Photo by: joanneleon. May, 2013.
Photo by: joanneleon. May, 2013.
Almost Gone (Ballad Of Bradley Manning), Graham Nash
News & Opinion
Wow. I knew about the "I am Bradley Manning" campaign, but I did not know about the plans for the campaign announced below. Of course, some right-wing media are framing this, literally, as "supporting a traitor". Morello is using the idea of "busting him out of jail" as a metaphor. The goal is to show support for Manning but there is also a petition to award him the Nobel Peace Prize. You can find the offical campaign at iam.bradleymanning.org. The site takes a long time to load, at least for me. I hope that's because they have a lot of traffic or a slow server and not some other reason.
Are you Bradley Manning? High-profile Americans take to YouTube to back Nobel petition
The protesters who descended on Fort Meade military base in Maryland to express frustration with the trial of Bradley Manning have been joined by major American celebrities and journalists, who are also rallying support for the Army whistleblower.
The “I Am Bradley Manning” campaign, featuring a video trailer of A-list celebrities and public thinkers voicing support for Manning, pushed viewers to consider if they themselves would have the courage to disclose military video footage in order to stop the carnage.
The trailer also urges audience members to sign a petition encouraging the Nobel Committee to award Manning the Nobel Peace Prize. By Tuesday, the second day of Manning’s trial, nearly 60,000 people had signed the petition, organized by Roots Action, which describes itself as “an online initiative dedicated to galvanizing Americans who are committed to economic fairness, equal rights, civil liberties, environmental protection – and defunding endless wars.”
From the Freedom of the Press Foundation. On their Board of Directors: Daniel Ellsberg, Glenn Greenwald, John Cusack, Xeni Jardin, et al.
Transcripts from Bradley Manning's TrialOver the past week there have been many protests in solidarity for Bradley Manning all over the world. This speech by Craig Murray was part of the one in London. He makes some very strong and bold points.
The US military has refused to release transcripts of Bradley Manning's trial. In addition, they've denied press passes to 270 out of the 350 media organizations that applied. Without public transcripts or a press pass, it's virtually impossible for media organizations to accurately cover the trial and for the public to know what the government is doing in its name.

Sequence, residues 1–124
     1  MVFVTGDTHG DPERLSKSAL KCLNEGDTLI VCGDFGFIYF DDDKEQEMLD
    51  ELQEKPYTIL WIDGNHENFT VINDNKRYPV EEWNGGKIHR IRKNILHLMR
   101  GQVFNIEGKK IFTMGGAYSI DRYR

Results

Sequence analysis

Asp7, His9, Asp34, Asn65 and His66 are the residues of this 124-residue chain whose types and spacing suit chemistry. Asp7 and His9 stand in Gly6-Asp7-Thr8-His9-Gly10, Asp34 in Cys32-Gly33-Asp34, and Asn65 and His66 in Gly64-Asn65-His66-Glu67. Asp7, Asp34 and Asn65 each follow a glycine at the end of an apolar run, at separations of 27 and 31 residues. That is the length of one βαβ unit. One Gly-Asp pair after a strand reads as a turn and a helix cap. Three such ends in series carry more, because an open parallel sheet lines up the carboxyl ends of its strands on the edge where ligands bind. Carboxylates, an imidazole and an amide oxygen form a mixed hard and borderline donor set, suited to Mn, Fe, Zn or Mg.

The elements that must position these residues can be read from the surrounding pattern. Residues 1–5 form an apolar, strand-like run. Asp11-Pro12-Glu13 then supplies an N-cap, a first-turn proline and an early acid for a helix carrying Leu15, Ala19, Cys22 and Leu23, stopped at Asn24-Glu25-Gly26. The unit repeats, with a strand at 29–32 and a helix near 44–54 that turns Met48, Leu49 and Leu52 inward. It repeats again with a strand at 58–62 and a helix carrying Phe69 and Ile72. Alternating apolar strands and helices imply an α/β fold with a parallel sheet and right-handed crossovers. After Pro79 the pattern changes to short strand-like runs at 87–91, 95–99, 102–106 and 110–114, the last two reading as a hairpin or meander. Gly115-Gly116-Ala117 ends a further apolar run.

In response, Freedom of the Press Foundation has crowd-sourced funding to place a professional stenographer in the media room covering the trial. We will post full transcripts shortly after each day's proceedings end. The morning session with be posted by 7 pm the same evening. The afternoon session will be posted by 9 am the next morning. The transcripts will be released under a ShareAlike 3.0 Unported Creative Commons license.
Depending on how long the trial lasts, transcriptions will cost between $60,000-120,000, so please help support this project by going here to donate.
PDF for Day 1 transcript: 06-03-13 AM session.pdf
Bradley Manning’s case is about more than freedom of speech
The young soldier has become a symbol of the information war and its discontents.
America will be judged by its treatment of Private Bradley Manning. [...]
[...] Yet it was within the US military’s power to treat Manning as a human being. It chose instead to torment him in a tiny cell and seemed remarkably relaxed about who knew it. The message to everybody else is clear.
States maintain power, in part, by maintaining a monopoly on secrets. Both state and corporate power have historically been associated with the ability to operate beyond scrutiny and, in today’s information-rich society, where sharing data and leaking documents is getting easier than ever, there is an ideological battle taking place. On one side are those who believe that such secrecy is anachronistic. On the other are those determined to preserve it by smashing any dissent with ten-tonne fists.
The case isn’t just about whistle-blowing. It’s not even just about freedom of speech. This is about secrets, and who gets to have them, and from whom, and at what cost. [...] There are a great many people, not just in the US, who are suspicious of unsupervised information exchange, of mass higher education and of the internet.